Wikipedia founder Jimmy Wales praises papal document

Wales praised 'Pacem in Terris' as a "great thing" and "in tune with modern thinking."

Wikipedia founder Jimmy Wales has praised Pope John XXIII’s historic encyclical “Pacem in Terris” as “a great thing.”
 
“I would say what struck me about it was how modern it is and how in tune it is with modern thinking,” Wales told CNA in Rome April 27.

Wales is in Rome as a guest of the Vatican’s Pontifical Council of Social Sciences. From April 27 to May 1, the council’s 18th plenary session is exploring the legacy of the 1963 encyclical on global peace, which will mark its 50th anniversary next year. Wales, who is not Catholic, read the papal document for the first time last week.

“I thought I better do my homework,” he explained.

“You have the impression that the Catholic Church is quite old fashioned which it is, of course, in many ways,” said Wales, “but also that some of the thinking (in the encyclical) is quite up-to-date and quite modern, so I think that is a great thing.”

“Pacem in Terris,” whose name means “Peace on Earth,” was published on April 11, 1963. Pope John XXIII wrote it at a time when he knew he was terminally ill, and it is often described as his “last will and testament.” He died two months after its release.

The document’s overarching theme is the “tranquility of order” in society as a foundation for global peace. The Pope’s reflections were drawn from his re-reading of St. Augustine’s “City of God” in 1942, during the Second World War.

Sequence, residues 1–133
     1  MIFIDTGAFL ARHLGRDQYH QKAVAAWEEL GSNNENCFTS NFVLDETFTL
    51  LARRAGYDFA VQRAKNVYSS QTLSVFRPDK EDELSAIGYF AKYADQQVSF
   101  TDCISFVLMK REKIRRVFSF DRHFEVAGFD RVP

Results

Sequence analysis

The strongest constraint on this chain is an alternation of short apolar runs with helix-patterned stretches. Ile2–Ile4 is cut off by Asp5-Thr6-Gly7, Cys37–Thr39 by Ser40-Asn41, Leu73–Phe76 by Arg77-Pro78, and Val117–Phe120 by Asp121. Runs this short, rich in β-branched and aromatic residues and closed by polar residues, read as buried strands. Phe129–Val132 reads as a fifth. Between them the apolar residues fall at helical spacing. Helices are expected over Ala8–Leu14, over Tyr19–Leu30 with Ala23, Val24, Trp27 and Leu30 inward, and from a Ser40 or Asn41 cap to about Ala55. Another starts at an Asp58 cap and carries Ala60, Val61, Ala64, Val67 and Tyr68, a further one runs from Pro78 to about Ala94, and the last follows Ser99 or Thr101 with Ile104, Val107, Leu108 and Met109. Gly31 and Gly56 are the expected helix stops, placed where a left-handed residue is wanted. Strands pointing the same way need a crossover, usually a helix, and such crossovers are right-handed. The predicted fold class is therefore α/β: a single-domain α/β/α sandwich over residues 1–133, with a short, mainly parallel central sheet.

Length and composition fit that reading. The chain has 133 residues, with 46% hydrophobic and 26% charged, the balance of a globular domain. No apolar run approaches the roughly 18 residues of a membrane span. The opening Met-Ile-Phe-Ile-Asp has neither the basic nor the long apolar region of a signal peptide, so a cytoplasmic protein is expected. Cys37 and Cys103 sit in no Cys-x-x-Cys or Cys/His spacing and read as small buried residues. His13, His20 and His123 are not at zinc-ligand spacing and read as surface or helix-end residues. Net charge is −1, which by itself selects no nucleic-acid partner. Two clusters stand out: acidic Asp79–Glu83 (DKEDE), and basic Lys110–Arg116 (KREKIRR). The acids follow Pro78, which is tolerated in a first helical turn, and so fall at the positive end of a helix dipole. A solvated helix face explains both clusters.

The work had great influence. “Pacem in Terris” is the only papal encyclical to be published in full by the New York Times.

University of Tulsa professor Russell Hittinger, a member of the Pontifical Academy of Social Sciences, told CNA that the plenary session on the encyclical is “a very good occasion” to examine the state of the world “to see what John XXIII anticipated, what was left out of the picture and how principles have to be reapplied.”

Jimmy Wales will speak to participants on Monday April 30 on the topic “Wikipedia, Free Knowledge and Peace.” He said he is keen to use his address to explore and explain the online encyclopedia’s “concept of neutrality.”

Anyone can edit Wikipedia articles, but this openness has forced it to develop a way to mediate disputes about facts and interpretations.

“I think one of the most important avenues towards peace is for people to first think about what we do agree upon and how can we characterize our disagreement in a way that at least we agree what we disagree about,” he said.

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